"To state it in slightly different terms: in those critical years [roughly from age 17 to 20] I learned how to be alone."
"This formulation doesn't really capture my meaning. I didn't, in any literal sense learn to be alone, for the simple reason that this knowledge had never been unlearned during my childhood. It is a basic capacity in all of us from the day of our birth. However these 3 years of work in isolation, when I was thrown onto my own resources, following guidelines which I myself had spontaneously invented, instilled in me a strong degree of confidence, unassuming yet enduring, in my ability to do mathematics, which owes nothing to any consensus or to the fashions which pass as law...."
"By this I mean to say: to reach out in my own way to the things I wished to learn, rather than relying on the notions of the consensus, overt or tacit, coming from a more or less extended clan of which I found myself a member, or which for any other reason laid claim to be taken as an authority. This silent consensus had informed me, both at the lyé and at the university, that one shouldn't bother worrying about what was really meant when using a term like "volume", which was "obviously self-evident", "generally known", "unproblematic", etc. I'd gone over their heads, almost as a matter of course, even as Lesbesgue himself had, several decades before, gone over their heads. It is in this gesture of "going beyond", to be something in oneself rather than the pawn of a consensus, the refusal to stay within a rigid circle that others have drawn around one - it is in this solitary act that one finds true creativity. All others things follow as a matter of course."
Very late in his life, Grothendieck asked for people to cease re-publishing his work, even brief excerpts. (See: http://sbseminar.wordpress.com/2010/02/09/grothendiecks-lett... ) So I have mixed feelings about quoting the above. But I do so in the hope that it can help others as it has helped me.
I think Grothendeick used Mathematics as a way to rebel against/escape from the world he grew up in. It was a formal discipline that could provide concrete results, unlike the mundance political arguing and nonsense that he commonly saw elsewhere controlling the world. But, I bet as he grew older he noticed that even his very own mathematical work could be used in mundane academic political nonsense. Thus, a disenchantment with everything ensued leading to a total isolationist viewpoint.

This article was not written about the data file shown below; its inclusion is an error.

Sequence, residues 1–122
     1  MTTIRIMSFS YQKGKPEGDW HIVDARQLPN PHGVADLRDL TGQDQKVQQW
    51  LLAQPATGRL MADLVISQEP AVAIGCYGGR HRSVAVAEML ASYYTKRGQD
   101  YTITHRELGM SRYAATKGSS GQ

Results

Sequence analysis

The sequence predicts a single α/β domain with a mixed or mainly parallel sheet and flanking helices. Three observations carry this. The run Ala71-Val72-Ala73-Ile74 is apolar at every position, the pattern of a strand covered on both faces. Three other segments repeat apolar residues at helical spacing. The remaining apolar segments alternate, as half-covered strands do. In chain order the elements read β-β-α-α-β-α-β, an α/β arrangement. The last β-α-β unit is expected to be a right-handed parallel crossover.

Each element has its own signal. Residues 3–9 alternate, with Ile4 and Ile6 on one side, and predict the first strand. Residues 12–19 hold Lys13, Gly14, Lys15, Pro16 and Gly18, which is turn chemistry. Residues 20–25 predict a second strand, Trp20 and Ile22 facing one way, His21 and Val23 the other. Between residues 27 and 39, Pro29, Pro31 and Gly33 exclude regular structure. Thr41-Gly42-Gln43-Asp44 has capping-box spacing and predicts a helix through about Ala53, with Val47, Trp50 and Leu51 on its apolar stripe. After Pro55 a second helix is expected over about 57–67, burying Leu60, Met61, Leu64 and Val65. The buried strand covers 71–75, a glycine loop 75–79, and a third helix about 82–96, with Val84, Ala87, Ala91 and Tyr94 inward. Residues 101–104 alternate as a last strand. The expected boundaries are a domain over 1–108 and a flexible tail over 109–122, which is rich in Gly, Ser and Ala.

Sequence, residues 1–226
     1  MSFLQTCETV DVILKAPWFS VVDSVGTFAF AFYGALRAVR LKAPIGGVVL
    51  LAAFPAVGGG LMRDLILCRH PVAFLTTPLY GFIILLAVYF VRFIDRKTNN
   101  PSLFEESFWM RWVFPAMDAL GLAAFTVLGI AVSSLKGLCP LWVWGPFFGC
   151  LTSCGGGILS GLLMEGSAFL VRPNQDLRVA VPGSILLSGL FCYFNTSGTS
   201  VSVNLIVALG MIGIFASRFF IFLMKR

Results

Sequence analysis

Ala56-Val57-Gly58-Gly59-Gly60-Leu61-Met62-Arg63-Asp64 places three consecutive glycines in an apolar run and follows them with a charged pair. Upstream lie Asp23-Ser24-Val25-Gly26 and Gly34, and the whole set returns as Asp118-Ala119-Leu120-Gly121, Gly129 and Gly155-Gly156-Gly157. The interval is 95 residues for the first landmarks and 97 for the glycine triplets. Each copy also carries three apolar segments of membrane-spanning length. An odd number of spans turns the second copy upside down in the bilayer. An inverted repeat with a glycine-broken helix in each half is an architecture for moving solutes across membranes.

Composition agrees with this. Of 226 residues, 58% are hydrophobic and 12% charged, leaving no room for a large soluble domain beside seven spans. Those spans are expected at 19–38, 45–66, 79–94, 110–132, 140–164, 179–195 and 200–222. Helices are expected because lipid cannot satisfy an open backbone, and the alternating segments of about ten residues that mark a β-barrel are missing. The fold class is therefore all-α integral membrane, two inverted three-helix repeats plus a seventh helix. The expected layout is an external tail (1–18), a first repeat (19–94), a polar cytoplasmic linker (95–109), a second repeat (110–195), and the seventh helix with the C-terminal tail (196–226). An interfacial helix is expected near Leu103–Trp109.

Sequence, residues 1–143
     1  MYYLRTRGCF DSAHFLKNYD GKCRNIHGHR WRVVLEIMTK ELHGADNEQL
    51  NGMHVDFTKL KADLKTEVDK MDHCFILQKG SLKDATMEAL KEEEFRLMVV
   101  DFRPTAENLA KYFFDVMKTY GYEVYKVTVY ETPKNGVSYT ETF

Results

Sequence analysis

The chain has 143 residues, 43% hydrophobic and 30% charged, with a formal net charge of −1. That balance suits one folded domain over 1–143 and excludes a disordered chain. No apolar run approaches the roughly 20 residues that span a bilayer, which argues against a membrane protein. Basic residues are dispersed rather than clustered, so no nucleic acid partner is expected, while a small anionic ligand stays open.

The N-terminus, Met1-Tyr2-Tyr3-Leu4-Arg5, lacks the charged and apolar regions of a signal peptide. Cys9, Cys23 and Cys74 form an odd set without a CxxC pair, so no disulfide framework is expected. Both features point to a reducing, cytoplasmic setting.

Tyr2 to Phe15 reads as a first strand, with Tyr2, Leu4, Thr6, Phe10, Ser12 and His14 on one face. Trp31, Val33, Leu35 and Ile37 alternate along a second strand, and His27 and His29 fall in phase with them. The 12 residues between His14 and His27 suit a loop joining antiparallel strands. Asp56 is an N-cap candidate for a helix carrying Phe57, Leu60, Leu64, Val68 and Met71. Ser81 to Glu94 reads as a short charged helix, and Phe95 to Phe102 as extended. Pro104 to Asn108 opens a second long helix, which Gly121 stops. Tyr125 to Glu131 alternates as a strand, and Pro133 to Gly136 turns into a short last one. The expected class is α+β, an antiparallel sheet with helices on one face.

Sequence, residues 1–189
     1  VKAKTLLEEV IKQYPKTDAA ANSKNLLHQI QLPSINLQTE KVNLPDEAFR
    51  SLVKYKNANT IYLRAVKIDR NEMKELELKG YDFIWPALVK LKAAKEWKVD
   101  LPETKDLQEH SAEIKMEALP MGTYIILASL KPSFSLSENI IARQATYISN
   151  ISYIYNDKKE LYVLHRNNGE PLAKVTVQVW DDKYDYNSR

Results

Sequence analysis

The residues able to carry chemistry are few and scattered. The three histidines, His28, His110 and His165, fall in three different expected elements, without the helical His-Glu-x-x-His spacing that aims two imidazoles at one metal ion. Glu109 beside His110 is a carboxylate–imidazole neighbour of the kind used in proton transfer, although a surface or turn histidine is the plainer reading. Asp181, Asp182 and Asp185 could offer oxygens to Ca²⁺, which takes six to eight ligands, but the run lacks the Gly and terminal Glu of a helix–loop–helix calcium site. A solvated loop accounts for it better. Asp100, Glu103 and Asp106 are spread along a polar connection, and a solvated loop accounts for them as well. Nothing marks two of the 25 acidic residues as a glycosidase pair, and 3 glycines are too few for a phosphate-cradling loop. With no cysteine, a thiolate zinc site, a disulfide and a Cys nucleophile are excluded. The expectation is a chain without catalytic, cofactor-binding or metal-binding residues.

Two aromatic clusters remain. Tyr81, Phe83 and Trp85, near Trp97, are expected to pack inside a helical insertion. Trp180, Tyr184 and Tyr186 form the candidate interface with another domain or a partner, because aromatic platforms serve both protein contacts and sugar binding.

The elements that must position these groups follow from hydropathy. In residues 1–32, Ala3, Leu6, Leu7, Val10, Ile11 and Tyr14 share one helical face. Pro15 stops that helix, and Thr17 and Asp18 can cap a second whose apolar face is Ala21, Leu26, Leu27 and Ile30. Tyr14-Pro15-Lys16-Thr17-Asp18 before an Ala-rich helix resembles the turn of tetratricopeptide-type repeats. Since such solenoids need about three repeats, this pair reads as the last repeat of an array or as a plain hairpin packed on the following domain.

It's unfortunate his disillusionment led him to leave math completely, and slowly retreat out of society, and probably to develop the mental illness that dominated his later life. A while ago I found some of his writings from the post-math era online, I wonder if they're still around. Strange stuff, all about hermaphroditic angels and his personal beliefs?
We have lost a truly unique and incredible human being, but I'm not sure he would appreciate me saying that "we" lost anything.
People will quickly judge you as a bad person if you don't want to give your work for the greater good of humanity and science, however, for a person that's outside the field it's easy to overlook the many things (not neccesarily related to science itself) that a scientist has to deal with.
Science, like all profession, has its own demons and bad times, and how do you cope with those is a fundamental skill that you have to develop in order to be able to, well, do science.
Anyway, a little off-topic but I wanted to say that I sympathize with the guy and I think that he has all the right to ask the community to stop sharing their ideas, just as anyone has all the right to come up with their own ideas and decide to share them or not.
You’ve thrown the worst fear
That can ever be hurled
Fear to bring children
Into the world
I think he devoted himself to nuclear disarmament and became disillusioned by the fact that his peers did not take the issue seriously.